Fresh questions for businesses that have rushed to the cloud during the pandemic

December 20th, 2021 | by Alfred Siew
Fresh questions for businesses that have rushed to the cloud during the pandemic

As long as you have a credit card, you can start a revolution.

Or, at least fire up a cloud service, whether you need to crunch some numbers in an instant or store data that could not fit on your own servers.

The promise of infinite computing resources on demand still remains a defining strength of public cloud services from the likes of Google Cloud, Microsoft Azure and Amazon Web Services.

However, the picture is a lot more complicated today, especially for businesses that quickly scaled up and expanded on cloud at the start of the pandemic almost two years ago.

If you had opened the floodgates to departments to scale up their own cloud usage, it would be a good time to check how they’ve used those resources.

Are they running instances that are no longer needed and now present potential security loopholes? Or are the resources left unused and unattended because a project has been completed and the people behind it have left?

It is not difficult to have an audit, you’d say, but doing so is just the start of a process of properly managing and organising what should perhaps have been more orderly at the start.

In making these infinite resources available, some businesses may now find themselves needing to rein in departments to pull in the general direction of their transformation efforts.

After all, it is one thing to make all the resources available; another to make sure they are used to good effect.

It is not surprising to find a business starts out trying to “democratise” the availability of technology and data on the cloud, only to find many new silos have developed without coherent management of these efforts.

To be sure, the cloud’s scalability and availability have made life a lot more tolerable during the pandemic. Without the cloud, on-demand services like food delivery and ride hailing would not be responsive or usable as they are now.

That said, businesses also have new questions they have to ask now that they are no longer in awe of the prowess of the cloud. Yes, questions like preventing vendor lock-in.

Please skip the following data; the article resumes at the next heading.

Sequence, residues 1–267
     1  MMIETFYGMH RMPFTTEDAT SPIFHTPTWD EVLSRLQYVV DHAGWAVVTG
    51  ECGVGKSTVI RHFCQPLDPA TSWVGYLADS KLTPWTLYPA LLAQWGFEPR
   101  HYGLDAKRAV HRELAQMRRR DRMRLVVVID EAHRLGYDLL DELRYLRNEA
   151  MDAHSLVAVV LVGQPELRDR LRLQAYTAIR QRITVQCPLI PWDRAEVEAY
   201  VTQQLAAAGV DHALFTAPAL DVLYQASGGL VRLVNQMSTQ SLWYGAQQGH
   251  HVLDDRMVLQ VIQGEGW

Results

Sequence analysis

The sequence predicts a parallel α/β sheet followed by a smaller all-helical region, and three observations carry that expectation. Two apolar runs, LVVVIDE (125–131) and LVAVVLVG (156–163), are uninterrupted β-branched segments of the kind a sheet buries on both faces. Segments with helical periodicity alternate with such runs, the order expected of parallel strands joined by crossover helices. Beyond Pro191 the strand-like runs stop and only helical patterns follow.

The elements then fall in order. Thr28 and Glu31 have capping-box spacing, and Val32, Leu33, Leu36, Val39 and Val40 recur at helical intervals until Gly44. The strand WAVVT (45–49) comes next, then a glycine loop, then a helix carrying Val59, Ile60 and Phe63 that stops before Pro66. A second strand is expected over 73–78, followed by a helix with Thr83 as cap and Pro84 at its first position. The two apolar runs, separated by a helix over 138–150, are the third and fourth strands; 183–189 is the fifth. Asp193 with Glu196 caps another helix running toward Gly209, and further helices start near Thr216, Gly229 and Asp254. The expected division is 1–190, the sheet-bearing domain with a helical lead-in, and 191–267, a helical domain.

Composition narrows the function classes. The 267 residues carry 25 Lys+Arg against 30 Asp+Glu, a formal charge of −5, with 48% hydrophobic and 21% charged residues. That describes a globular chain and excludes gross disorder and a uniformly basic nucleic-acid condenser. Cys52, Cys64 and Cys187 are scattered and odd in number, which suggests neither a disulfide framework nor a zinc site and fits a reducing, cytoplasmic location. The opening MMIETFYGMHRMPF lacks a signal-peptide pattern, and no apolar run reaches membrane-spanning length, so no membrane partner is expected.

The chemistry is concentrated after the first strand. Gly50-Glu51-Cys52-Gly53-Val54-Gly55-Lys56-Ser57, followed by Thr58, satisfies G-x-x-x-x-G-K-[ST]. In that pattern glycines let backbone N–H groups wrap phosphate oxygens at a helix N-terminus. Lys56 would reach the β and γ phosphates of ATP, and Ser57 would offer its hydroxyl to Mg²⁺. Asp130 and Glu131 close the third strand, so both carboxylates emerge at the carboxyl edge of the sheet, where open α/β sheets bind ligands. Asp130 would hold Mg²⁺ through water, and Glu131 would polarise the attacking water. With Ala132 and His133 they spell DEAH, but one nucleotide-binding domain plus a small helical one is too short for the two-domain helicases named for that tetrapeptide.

To prevent this, a great deal is being discussed about a multi-cloud strategy today. Can a business take advantage, say, of the artificial intelligence tools from one public cloud provider but also innovate with the data analytics capabilities of another?

The issue is how these efforts can be integrated well. Some workloads may be separately run on different cloud services but others may be more easily and efficiently run together on one provider.

It is true there are more tools in the market today to move workloads around different clouds, but if you ask any business if they would prefer to do things more simply, they would agree. In other words, using a single provider where possible, given the difficulties in moving data around.

Multi-cloud may be a big topic today but what will also be interesting in the next year or two is the emergence of the distributed cloud. This is especially in the form of 5G-enabled multi-access edge computing (MEC) offerings.

Okay, the cloud is meant to be distributed but in a way, it has centralised things down to a handful of public cloud service providers in recent years.

The emergence of public cloud services that run at the edge will make a big difference for businesses that want the same AI or analytics capabilities with the low latency and fast response of edge computing.

Think of 5G-enabled factories that run cloud-based AI tools but at a location that is close to the action, instead of having to flow the data back to a data centre to do the analytics.

This way, an operator can make use of video analytics to inspect the production process remotely, even making adjustments to improve quality and yield on the fly. Or a drone operator can find building defects while scanning its facade remotely.

So, going on the cloud is going to mean a lot of different things in the months and years ago.

A lot still involves the heavy lifting and shifting of enterprise resource planning (ERP) systems that handle payroll and other core corporate functions. These will be drawn-out but necessary migrations.

At the same time, there is a lot more to think about and do on the cloud, now that we are in the “new normal” of the pandemic.

The digital transformation that once equated to jumping on an infinitely powerful cloud bandwagon has brought new questions today. Businesses need to refocus and refine their efforts.

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